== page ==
Apart from the whitewashing controversies, what do all of the above movies have in common? They all flopped hard, under-performing significantly at the box-office to the extent that they are now considered total bombs. Despite all of these films losing studios money and despite all the free publicity these movies got from the controversy, why are studios utilizing these templates to try and make box-office gold? Doing the same thing over and over again but expecting different results is the textbook definition of insanity but it’s literally happening in Hollywood year in year out.

Casting A-Lister Depp in The Lone Ranger did not automatically turn it into a Pirates of the Caribbean-style success, and as much as Scott may protest, I’m certain that him deciding to cast Bale as opposed to “Mohammed so-and-so from such-and-such” didn’t affect the box-office performance of Exodus: Gods and Kings one iota.

Has Whitewashing Ever Actually Worked at the Box-Office?
20th Century Fox

Last year, Disney’s remake of The Jungle Book opened with an unknown, non-white child actor in the lead, and that movie opened four-times higher than the white-washed Exodus: Gods and Kings starring Bale. One can argue, of course, that The Jungle Book opened bigger because it was based off a well-known source material. On top of that, it was a technical marvel with great reviews and a strong supporting cast. Its box office success was not because of its lead actor. Exodus: Gods and Kings flopped because it was poorly marketed and got bad reviews. If you argue that point, you are absolutely correct, and in arguing that, you have proven my point.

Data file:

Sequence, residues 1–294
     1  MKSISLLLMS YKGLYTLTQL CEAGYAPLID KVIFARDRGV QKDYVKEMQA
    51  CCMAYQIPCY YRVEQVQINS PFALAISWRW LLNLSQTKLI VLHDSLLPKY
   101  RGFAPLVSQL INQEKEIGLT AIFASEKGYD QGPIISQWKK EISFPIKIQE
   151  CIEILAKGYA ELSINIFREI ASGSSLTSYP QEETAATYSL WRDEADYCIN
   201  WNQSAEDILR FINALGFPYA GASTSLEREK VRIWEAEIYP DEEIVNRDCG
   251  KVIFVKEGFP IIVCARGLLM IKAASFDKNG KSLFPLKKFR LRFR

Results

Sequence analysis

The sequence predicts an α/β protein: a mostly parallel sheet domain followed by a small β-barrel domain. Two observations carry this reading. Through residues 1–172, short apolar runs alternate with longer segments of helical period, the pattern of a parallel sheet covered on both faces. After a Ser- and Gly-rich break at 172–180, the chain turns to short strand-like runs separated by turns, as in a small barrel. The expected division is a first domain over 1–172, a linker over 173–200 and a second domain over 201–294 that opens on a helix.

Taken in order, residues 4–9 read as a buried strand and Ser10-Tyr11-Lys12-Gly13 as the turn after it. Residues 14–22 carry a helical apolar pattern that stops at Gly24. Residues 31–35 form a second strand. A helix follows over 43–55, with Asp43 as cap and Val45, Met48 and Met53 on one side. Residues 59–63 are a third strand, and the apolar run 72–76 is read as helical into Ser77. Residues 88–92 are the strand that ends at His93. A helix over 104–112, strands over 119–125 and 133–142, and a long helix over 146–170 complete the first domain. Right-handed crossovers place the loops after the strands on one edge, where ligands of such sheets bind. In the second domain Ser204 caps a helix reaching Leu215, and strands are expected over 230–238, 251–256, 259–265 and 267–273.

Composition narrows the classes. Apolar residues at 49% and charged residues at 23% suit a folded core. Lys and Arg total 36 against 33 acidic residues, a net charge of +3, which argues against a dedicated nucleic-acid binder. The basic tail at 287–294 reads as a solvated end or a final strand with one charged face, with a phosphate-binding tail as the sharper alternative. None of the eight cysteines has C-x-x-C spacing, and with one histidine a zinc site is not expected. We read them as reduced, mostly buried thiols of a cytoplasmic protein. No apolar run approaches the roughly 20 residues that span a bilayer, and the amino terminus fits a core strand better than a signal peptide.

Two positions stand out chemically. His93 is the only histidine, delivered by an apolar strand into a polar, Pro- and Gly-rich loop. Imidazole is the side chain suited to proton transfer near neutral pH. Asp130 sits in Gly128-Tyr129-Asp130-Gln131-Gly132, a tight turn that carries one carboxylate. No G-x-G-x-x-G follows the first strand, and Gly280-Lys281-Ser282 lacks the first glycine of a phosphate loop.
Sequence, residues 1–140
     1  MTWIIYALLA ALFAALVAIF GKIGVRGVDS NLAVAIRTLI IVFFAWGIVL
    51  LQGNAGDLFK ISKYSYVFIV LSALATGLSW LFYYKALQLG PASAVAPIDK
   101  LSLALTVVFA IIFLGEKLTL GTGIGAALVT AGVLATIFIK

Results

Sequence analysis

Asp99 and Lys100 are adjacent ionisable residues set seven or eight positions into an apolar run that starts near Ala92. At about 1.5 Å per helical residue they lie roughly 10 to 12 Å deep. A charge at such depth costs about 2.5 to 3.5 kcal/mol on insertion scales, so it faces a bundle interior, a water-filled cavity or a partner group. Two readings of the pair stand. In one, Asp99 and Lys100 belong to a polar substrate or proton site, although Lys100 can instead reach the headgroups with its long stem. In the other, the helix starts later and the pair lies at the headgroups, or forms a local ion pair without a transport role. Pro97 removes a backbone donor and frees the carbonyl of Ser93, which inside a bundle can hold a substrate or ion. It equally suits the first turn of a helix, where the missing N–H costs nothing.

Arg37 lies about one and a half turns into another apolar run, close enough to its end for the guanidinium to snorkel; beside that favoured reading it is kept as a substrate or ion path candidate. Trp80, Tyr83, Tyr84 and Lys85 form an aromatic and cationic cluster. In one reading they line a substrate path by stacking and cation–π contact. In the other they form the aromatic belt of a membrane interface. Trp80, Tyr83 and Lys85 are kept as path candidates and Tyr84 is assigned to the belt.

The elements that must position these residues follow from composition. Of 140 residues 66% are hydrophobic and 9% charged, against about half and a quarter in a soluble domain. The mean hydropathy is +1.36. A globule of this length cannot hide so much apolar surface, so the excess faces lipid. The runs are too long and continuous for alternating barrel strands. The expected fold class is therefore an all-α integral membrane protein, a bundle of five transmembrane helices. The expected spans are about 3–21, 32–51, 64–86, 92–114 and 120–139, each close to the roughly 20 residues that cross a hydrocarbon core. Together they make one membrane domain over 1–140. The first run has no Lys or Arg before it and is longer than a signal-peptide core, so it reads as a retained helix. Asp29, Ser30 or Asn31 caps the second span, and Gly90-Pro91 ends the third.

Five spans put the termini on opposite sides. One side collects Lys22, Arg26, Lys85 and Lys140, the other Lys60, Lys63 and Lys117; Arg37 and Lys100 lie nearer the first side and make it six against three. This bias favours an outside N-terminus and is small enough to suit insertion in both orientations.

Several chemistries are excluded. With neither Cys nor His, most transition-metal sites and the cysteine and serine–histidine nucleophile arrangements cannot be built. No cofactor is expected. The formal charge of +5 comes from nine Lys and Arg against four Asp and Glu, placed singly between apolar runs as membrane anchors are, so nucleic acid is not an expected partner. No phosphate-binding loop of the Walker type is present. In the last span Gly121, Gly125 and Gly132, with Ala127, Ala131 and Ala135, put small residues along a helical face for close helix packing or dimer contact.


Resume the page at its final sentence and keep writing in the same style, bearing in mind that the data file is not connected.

There are many factors to consider when wondering why white-washed movies have flopped at the box-office. Poor reviews, the wrong source material, bad marketing, mismanaged releases etc. The ethnicity of the cast was most likely not the cause of these films losing their respective studios money. But that seems to prove that putting a white A-list actor in the role isn’t some magical golden ticket to box-office success. In response to the initial whitewashing controversy surrounding Ghost in the Shell, director/writer Max Landis made a video saying how the film would never have gotten green-lit without getting someone like Johansson to lead it. If that’s the case, then it proves that Hollywood is drawing from provably broken metrics because this strategy just does not work.

In the interest of fairness, there are two recent films that had whitewashing controversies that did well at the box-office; last year’s Doctor Strange, and 2008’s 21. The latter tells the true story of how a group of students earned millions of dollars in Las Vegas by card-counting. In real life, the story revolved around Asian-American Jeff Ma but in the film he was replaced by the fictional Ben Campbell and portrayed by white English Actor Jim Sturgess. The film cost $35M to make and earned a respectable $157M worldwide, though the reviews were mixed. As for Doctor Strange, his big-screen debut movie replaced the traditionally Asian “The Ancient One” with white actress Tilda Swinton. That film cost $165M and earned $677M globally.